Luxor–A few years ago a decision was made to turn the city of Luxor into an open-air museum and give it a complete make-over. Luxor is known for its extensive ancient history, having been one of the most important religious and administrative capitals of ancient Egypt. It boasts a large number of temples and tombs, both on its east and west bank, and is a hot spot for tourists from all over the world. Although Samir Farag, the governor of Luxor and mastermind of the city’s development scheme, speaks continuously of his great achievements, many question his reasoning and wonder who the true beneficiaries of his scheme really are.
In 2007, as part of the governor’s plan to beautify the city and preserve its ancient monuments, the historic village of Gourna had its residents forcibly removed and relocated to a modern residential area further north. The authorities argued that the village’s 100-years old mud-brick houses were built on top of ancient Egyptian tombs that were being looted by the residents on a regular basis. Following the relocation, bulldozers were mobilized to tear down the houses and salvage what remained of the looted tombs. The decision to use bulldozers to level the homes contradicted what was meant to have been an effort by officials to protect and preserve these monuments.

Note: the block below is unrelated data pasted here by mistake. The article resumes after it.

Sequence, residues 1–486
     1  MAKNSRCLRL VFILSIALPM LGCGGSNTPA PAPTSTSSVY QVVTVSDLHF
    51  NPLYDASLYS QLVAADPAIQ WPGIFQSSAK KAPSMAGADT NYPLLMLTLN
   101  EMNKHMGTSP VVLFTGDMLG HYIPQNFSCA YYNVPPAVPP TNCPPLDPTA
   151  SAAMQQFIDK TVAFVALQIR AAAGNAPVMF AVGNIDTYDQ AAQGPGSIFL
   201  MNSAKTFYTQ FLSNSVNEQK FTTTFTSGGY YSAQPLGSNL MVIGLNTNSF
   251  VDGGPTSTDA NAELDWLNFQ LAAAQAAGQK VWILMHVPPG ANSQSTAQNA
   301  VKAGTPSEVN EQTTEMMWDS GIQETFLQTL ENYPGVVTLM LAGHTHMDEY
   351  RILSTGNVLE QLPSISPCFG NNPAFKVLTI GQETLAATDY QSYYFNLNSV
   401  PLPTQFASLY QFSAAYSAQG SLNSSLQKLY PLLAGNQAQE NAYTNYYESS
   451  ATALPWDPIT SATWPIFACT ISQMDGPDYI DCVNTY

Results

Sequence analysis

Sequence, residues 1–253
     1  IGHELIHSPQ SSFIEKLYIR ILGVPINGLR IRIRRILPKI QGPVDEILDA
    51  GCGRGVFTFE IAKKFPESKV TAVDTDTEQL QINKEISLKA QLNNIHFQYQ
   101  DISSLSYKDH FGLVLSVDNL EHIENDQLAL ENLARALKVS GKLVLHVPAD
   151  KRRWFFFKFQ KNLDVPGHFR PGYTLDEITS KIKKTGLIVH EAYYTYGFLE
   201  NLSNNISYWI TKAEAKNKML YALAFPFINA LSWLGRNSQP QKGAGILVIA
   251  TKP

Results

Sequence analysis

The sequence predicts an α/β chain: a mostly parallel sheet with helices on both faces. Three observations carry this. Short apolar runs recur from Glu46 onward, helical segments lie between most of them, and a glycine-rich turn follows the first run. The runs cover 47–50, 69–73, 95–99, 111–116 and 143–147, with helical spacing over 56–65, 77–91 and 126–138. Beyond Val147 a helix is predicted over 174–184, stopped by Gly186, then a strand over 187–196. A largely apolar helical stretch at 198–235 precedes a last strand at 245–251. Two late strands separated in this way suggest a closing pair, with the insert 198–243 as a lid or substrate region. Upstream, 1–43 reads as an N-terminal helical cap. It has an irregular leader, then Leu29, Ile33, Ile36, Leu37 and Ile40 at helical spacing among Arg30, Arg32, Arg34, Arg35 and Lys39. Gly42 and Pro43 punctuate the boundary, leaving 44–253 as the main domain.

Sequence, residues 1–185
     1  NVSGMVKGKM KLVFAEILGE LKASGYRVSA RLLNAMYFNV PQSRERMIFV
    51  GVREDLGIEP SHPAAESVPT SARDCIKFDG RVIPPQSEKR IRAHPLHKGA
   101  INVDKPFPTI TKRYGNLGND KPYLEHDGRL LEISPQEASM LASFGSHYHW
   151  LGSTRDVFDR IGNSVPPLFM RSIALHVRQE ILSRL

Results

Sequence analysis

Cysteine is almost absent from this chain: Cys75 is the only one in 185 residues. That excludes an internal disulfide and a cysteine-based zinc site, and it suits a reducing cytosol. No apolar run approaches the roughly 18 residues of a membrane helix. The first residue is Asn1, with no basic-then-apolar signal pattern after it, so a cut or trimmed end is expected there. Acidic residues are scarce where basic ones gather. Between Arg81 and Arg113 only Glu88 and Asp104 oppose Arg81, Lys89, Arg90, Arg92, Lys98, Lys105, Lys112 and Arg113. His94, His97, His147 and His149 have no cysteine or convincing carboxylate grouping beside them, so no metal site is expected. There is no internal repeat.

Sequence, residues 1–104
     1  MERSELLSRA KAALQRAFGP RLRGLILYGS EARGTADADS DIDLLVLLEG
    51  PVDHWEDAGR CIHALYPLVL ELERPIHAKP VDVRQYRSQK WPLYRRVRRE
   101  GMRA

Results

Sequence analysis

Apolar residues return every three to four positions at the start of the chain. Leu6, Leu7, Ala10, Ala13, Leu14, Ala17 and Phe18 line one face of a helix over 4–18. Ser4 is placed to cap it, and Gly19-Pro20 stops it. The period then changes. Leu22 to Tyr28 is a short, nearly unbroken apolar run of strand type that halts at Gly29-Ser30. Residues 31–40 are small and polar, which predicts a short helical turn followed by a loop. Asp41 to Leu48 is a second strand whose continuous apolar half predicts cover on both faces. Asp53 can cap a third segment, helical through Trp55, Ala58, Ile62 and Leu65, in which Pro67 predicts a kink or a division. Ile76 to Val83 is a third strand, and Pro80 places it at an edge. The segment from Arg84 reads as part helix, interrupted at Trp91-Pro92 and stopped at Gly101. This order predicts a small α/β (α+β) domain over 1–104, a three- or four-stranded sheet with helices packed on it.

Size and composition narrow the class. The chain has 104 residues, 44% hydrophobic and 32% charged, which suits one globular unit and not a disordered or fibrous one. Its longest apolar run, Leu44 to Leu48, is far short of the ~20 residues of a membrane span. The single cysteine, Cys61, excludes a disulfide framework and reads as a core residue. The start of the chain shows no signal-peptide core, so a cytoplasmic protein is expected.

Regarding their new homes, the relocated ex-Gourna residents have much to complain about. “The houses are all crammed together. We have no more space to raise livestock,” says one local resident, “now we must buy many things from the souk [market], when before we used to have our own chickens and we could bake our own bread.” Many cracks have already appeared in the walls and ceilings of their new homes, and many believe it is because the houses were built with very cheap material. “No one is happy about their situation here,” affirms the resident.
On the east bank, the situation is changing very rapidly as more and more buildings are being demolished. Part of the governor’s plan in this part of the city is to give greater exposure to the approximately 3-kilometer avenue of sphinxes that had previously linked the Luxor temple with the Karnak temple further north. However, since it fell out of use by the Graeco-Roman period, over 2000 years of the city’s history would need to be removed first to achieve this plan, though that clearly does not seem to concern the governor much.
The bulldozers are already busy at work. The area in front of the Luxor temple was recently cleared, with layers of historical property removed to uncover the sphinxes, of which only the bases remain. The use of bulldozers to uncover delicate antiquities is a process that is disapproved of by any credible archaeologist, since it results in the loss of important straigraphical information. To the east and west of where the avenue runs, old mud-brick houses with intricate woodwork were also demolished to provide more space for the avenue.